Piety sits uneasy on those who condemn Jarnail Singh. His identity as a human being precedes the badge of being a journalist. And what he did is what any person should do when faced with another prevaricating Congressman on the issue of the 1984 riots in Delhi. It would be more appropriate to ask what the others in the room were doing when the Home Minister of the country could not come clean on the massacre of thousands of innocents. It speaks badly of them that they kept their shoes on.
There is an oft quoted Persian verse that Guru Gobind Singh had addressed to Aurangzeb:
Chun kar az hameh heelat-e-dar guzasht/ Halal ast burdan ba-shamshir dast
(When all other means have failed/ Then a sword in hand is just)
All Jarnail had in hand was a shoe, with little doubt left that all other means had failed. The institutions of this country have let down the victims of the 1984 massacre. They have been deliberately misused and manipulated by the very men who organised the riots. The case against men such as Jagdish Tytler and Sajjan Kumar has been made out often enough. Witnesses have been threatened and bribed, testimonies have been coerced. Yet, enough has survived for the courts to look into the charges again. That the CBI should deliver Tytler a clean chit only days after his name was declared as a candidate speaks for itself.
When Jarnail picked up his shoe, he was reflecting an anger that the Congress does not seem to realise exists among Sikhs, and among those who care for justice. This is not an anger towards Tytler or Sajjan Kumar alone; the two men just happen to be the most visible symbols of the party’s failure to address the issue. The anger lies below the surface, ready to brim over when stoked. And the Congress has done just that. The party believes that an expression of regret for the violence by its leaders was enough, and it is now free to re-introduce to the electorate the very men who symbolise the failure of justice. Maybe it should think again.
Consider the case against Sajjan Kumar. The CBI case against him was booked only in 1990, once the Congress was out of power. He was acquitted in 2002 by the Delhi High Court because two police officials deposed in his favour. The Tytler case is even more interesting. The Nanavati Commission in 2005 found that Tytler ‘very probably’ had a hand in organising the attacks. The Action Taken Report was tabled by Chidambaram’s predecessor as home minister, Shivraj Patil, and it said further action against Tytler was not justified because ‘the commission itself was not absolutely sure about his involvement in such attacks’!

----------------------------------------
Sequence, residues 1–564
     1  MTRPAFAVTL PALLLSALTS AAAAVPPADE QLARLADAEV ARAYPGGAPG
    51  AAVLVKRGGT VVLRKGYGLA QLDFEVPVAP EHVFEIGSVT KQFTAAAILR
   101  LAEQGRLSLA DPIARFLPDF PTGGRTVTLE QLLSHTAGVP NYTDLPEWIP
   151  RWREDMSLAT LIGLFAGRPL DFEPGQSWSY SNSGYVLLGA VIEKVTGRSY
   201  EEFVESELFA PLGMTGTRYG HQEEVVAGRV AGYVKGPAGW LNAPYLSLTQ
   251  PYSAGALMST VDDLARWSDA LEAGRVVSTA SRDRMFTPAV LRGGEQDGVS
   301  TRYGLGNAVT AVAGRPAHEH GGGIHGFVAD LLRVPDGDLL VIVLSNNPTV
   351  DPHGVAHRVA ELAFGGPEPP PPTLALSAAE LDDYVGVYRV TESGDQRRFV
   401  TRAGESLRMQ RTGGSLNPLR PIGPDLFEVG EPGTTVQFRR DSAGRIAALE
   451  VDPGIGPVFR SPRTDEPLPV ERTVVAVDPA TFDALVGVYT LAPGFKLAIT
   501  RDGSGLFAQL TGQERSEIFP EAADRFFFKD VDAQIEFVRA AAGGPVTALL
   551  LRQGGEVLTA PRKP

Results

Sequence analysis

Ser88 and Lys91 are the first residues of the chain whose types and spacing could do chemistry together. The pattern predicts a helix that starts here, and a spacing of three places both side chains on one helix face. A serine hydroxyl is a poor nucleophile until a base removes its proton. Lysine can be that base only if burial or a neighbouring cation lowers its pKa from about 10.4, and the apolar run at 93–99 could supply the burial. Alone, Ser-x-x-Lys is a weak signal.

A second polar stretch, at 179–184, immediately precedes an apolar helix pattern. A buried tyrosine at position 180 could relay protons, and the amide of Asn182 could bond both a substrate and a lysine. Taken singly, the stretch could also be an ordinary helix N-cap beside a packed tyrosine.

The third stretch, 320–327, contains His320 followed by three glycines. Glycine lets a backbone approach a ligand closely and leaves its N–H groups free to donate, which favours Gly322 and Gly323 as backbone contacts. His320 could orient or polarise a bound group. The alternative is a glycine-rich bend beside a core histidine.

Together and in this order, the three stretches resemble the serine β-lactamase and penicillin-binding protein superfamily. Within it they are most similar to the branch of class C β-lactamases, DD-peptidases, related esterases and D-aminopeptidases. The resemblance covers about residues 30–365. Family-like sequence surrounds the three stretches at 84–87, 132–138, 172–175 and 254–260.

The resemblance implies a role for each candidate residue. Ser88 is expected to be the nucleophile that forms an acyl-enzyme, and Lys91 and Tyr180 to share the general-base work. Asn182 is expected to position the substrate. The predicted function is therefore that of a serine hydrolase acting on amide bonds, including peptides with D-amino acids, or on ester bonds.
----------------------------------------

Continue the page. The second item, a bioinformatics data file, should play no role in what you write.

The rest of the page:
Given this, the clean chit and the ticket to Tytler have only reopened questions about the Congress’ role in 1984. One indication of what has still not been brought to light comes from Manoj Mitta and HS Phoolka’s book, When a Tree Shook Delhi. Writing of the current Commerce Minister Kamal Nath, they say, ‘Having spent two hours with the mob in front of Rakabganj Gurdwara, having done nothing to help the two Sikhs lying in a critical condition, having allowed the mob and the police to carry on with their hostilities against the targeted community, Kamal Nath was clearly part of the problem, not the solution. The unanswered questions about his role in the Rakabganj Gurdwara episode might well hold the key to uncovering the high-level conspiracy behind the 1984 carnage.’ In no other democracy could a minister continue after such a book. The party did not even pay heed.
In substance, the charges against Kamal Nath parallel those that have led to the arrest of Gujarat Women Development and Child Welfare Minister Maya Kodnani for her role in leading a mob in the 2002 post-Godhra massacre. In fact, much of the recent activity in the 1984 cases stems from what happened in 2002. It seems to have taken another act of similar enormity to awaken our conscience.
In the context of Gujarat, we have evidence of how witnesses have been bribed and coerced. We have seen that testimonies change over time, even though we are barely seven years from the events. Twenty-five years have passed since 1984. That there are still witnesses around speaks of the depth of the trauma that was inflicted on the victims.
But the Congress seems no closer to realising this truth. Sentiments are nebulous things. A shoe is not. Which is why Jarnail’s act was necessary. However, party spokesperson Abhishek Singhvi said, “The method and modality of giving vent to that anger was wrong. It will be the beginning of the end of journalistic morality and ethics and also democracy if giving vent to anger through that method is accepted and justified.” One shoe at the end of 25 years is the end of journalistic morality?
Singhvi spoke with the same smugness that Chidambaram had displayed at the press conference. He deserves the same response. Chidambaram has had the temerity to say he has forgiven Jarnail. Once again, he and his party have been quick to forget that they are the ones who have to ask for forgiveness.